New Rules for Sales Incentives to Begin in 1999

Beginning next year, there won't be many more "due diligence" meetings being held in exotic resort locales.A decade after they were first drafted, the NASD's recommended changes in noncash compensation rules were approved by the SEC in July and go into effect Jan. 1, 1999. The new rules cover product-specific incentives and other perks offered by mutual funds and insurance companies (see OddLots,

Beginning next year, there won't be many more "due diligence" meetings being held in exotic resort locales.

A decade after they were first drafted, the NASD's recommended changes in noncash compensation rules were approved by the SEC in July and go into effect Jan. 1, 1999. The new rules cover product-specific incentives and other perks offered by mutual funds and insurance companies (see OddLots, May '95 and November '94 RR).

The changes, amendments to NASD Rules 2820 and 2830, are intended to restrict noncash incentives that might compromise a broker's requirement to "match the investment needs of the customer with the most appropriate investment product," the NASD says in a notice to members. Noncash compensation is defined as merchandise: gifts and prizes, travel expenses, or meals and lodging offered to brokers as an incentive to sell certain products. The revisions require due diligence trips to be held in a location "appropriate to its purpose," a city in which the mutual fund company has offices, for example.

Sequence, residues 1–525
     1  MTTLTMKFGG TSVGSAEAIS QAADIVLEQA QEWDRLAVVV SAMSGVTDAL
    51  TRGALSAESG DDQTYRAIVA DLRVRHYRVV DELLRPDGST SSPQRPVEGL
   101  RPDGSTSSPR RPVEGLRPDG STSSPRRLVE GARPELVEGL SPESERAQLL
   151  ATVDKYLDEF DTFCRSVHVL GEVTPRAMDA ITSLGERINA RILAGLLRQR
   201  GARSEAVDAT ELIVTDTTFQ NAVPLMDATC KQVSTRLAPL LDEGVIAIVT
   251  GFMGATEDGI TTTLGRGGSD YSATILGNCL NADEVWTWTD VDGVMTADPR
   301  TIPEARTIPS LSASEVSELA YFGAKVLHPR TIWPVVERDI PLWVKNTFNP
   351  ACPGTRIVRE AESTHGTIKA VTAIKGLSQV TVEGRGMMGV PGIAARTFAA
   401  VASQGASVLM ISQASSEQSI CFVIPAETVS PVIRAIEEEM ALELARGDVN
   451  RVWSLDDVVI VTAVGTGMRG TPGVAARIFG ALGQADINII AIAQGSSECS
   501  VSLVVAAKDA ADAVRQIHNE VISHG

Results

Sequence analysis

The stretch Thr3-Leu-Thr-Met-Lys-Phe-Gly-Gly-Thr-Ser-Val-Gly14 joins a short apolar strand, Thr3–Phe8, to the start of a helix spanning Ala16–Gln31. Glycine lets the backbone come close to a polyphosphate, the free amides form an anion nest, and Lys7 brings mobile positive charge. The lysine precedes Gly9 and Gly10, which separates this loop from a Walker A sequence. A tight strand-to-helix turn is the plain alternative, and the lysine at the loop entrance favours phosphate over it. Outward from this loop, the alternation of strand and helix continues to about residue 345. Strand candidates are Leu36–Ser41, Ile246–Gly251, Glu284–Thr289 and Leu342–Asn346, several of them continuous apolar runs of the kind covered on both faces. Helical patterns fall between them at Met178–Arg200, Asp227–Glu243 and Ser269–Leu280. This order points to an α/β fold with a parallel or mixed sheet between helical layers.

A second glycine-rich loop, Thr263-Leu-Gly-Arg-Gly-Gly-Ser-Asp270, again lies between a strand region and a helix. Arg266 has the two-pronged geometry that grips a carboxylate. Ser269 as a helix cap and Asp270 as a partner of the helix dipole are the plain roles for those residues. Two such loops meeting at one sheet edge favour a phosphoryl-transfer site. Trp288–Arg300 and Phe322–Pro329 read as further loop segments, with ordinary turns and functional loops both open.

More specifically, the revisions also: 1) prohibit brokers from receiving securities as compensation; 2) require detailed records of all compensation, both cash and noncash; and 3) limit gifts to brokers to a maximum value of $100 annually, such as an occasional meal, ticket to a sporting event or theater. Gifts from product sponsors should not be "so frequent nor so extensive as to raise any question of impropriety," the NASD says. Brokers cannot be required to meet preset sales targets to receive these perks, but can receive them as rewards after the sale has been made.

The rules don't directly apply to proprietary products. Firms have more leeway in incenting their employees, versus outside sponsors, although incentives for selling a specific fund or annuity are banned. But a firm could continue to offer incentives for overall sales of a proprietary fund family, for example.

The NASD continues to develop rules regarding cash compensation arrangements, such as the undisclosed revenue-sharing deals between fund companies and dealers.

For more details on the noncash compensation rule, check the NASDR Web site (www.nasdr.com) and click on "members check here," then "notices to members" and 98-75.

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